To Trap a Marmot

Imagine you’re walking along a path and you encounter an overpass. On one side of the sidewalk, there is a hillside covered with rocks and on the other side there is a small gravel area and then a creek. Like this:

marmot overpass

Sitting in the small gravel area, are two people in camping chairs, facing the rocky slope, eating and reading books.

marmot overpass

Would you think this was strange? Would you have the nerve to say something to these people? Or would you stare straight ahead, hoping they wouldn’t lure you over with a chocolate cupcake?

crazy cupcake lady

What if I told you there was a marmot in those rocks? And these people were trying to trap it, so it could be returned to the mountains where it belonged?

marmot overpass

That wouldn’t seem so crazy, would it?

You better be shaking your head no, because that’s exactly what we did about two years ago….

One day, on my regular walk during lunch (because I am very diligent about my exercise routine, as you all know), I noticed something out of the corner of my eye. There was this creature standing on one of the rocks, up on his hind legs, surveying the area.

yellow bellied marmot

Now, I’m no expert on the genus Marmota, but this was certainly a yellow-bellied marmot, and he was not supposed to be living this close to the Cherry Creek Mall. If he needed a new winter coat that badly, he could stop at the outlets in Silverthorne – much closer to his desired habitat of 6,500 feet or higher.

marmot mountains

I contacted the Division of Wildlife and was essentially told that if I trapped the marmot, they would take him back to the mountains. Um, okay. You’re the Division of Wildlife, and I’m a nurse who works in an office and have had zero training in setting traps, handling a wild animal, and preventing the spread of zoonotic disease, but sure, I’ll give it a go.

Instead of going right to the animal trap store, because that would be silly, I made a few more calls and was finally referred to Jack. Jack was a very busy man. You see it was raccoon season and he had a huge shipment of raccoon feed coming in for all the rescue raccoons residing in his backyard. But, he’d already had calls about this marmot. Yes, my marmot was famous. He’d been tracking the little guy as he made his way down the creek, from one neighborhood to the next.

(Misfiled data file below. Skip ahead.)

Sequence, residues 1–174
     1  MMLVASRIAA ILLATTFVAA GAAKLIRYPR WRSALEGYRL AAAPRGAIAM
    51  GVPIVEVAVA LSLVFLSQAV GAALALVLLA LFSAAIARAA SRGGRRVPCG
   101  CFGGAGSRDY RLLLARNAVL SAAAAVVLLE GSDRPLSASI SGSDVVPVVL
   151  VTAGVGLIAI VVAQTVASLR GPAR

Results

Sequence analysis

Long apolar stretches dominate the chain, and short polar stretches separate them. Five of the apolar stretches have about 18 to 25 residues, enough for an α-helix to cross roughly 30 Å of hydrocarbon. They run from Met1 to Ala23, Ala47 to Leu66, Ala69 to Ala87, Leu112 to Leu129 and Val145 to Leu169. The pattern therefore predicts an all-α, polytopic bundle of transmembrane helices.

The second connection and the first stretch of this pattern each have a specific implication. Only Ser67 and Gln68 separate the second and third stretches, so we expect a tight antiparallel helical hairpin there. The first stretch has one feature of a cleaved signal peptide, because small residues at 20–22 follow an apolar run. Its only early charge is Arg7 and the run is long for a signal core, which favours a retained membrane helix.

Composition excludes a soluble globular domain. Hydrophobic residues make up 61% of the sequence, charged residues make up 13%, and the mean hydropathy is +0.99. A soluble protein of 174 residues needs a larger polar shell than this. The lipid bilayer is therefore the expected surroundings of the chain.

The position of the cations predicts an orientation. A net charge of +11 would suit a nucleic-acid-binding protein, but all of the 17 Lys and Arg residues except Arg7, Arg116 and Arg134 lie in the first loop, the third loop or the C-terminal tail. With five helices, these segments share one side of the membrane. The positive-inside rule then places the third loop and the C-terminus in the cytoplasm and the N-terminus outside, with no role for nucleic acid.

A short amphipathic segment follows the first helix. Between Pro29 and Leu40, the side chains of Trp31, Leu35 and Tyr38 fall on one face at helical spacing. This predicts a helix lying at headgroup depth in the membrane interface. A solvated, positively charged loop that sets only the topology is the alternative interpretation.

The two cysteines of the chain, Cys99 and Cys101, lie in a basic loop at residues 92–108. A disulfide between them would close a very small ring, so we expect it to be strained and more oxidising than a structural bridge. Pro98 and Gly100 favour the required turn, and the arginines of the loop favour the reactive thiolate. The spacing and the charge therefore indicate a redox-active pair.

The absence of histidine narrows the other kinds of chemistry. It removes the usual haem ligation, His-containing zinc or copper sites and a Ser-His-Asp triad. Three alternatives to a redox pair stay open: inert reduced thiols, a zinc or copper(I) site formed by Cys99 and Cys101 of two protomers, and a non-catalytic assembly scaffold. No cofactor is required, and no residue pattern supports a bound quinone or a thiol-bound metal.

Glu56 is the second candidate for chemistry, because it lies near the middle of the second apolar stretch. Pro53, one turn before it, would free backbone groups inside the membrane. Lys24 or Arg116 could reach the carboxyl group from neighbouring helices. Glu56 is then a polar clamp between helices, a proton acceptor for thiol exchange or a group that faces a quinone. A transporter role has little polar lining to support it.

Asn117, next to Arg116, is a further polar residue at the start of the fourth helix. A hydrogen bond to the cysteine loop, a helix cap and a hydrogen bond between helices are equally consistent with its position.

I convinced my boss to let me go early, because, duh, there was a marmot that needed tending to at the creek, and this took precedence over people with complaints about their healthcare.

Jack set up his trap and we watched and waited, and watched and waited. An hour and half later, Jack had to go. There were more raccoon centric chores that had to be done and it was getting late.

That’s when my poor husband got involved. The next day we tried the trap that my dad let me borrow. We set up our chairs and intently watched our baited trip on the rocky hillside. Within minutes a bunny sniffed out the booty. I jumped up and shooed the saboteur away. A few minutes later he returned. And again, I shooed him away. As soon as I was about to panic, the marmot’s head appeared from within the rocks. He scampered over to the trap, triggered it and then ran right out. The trap was too small.

So the next day, we went to the ranch and home supply store and asked for the traps.

“What’re you trying to trap?” asked the man.

“A marmot,” I said.

He shrugged. “That’s a first.”

I shrugged back and sipped my iced soy latte with cinnamon.

“You’ll want the raccoon sized one,” he said.

I nodded like this was quite obvious.

We placed the trap and waited. Now it seemed like he’d never show himself again. More and more people started to pass. We got strange looks, curious looks, sideways looks and suspicous looks.

marmot overpass

A few people came right up to us and asked what we were doing. I began to keep a tally. Passerby’s fell into three categories: avoids eye contact, gives strange/distrusting looks, or says something. At the end of the day, most people fell into the ‘avoids eye contact’ category.

We spent almost the whole day there and yes, the marmot did show himself. He walked right up to the trap, gave a sniff and then grabbed onto it and shook it. When it didn’t trigger, he walked around to the to the back, stuck his hand through the bars and tried to reach the food. He couldn’t reach it, but he also didn’t go back in the trap. He’d figured out.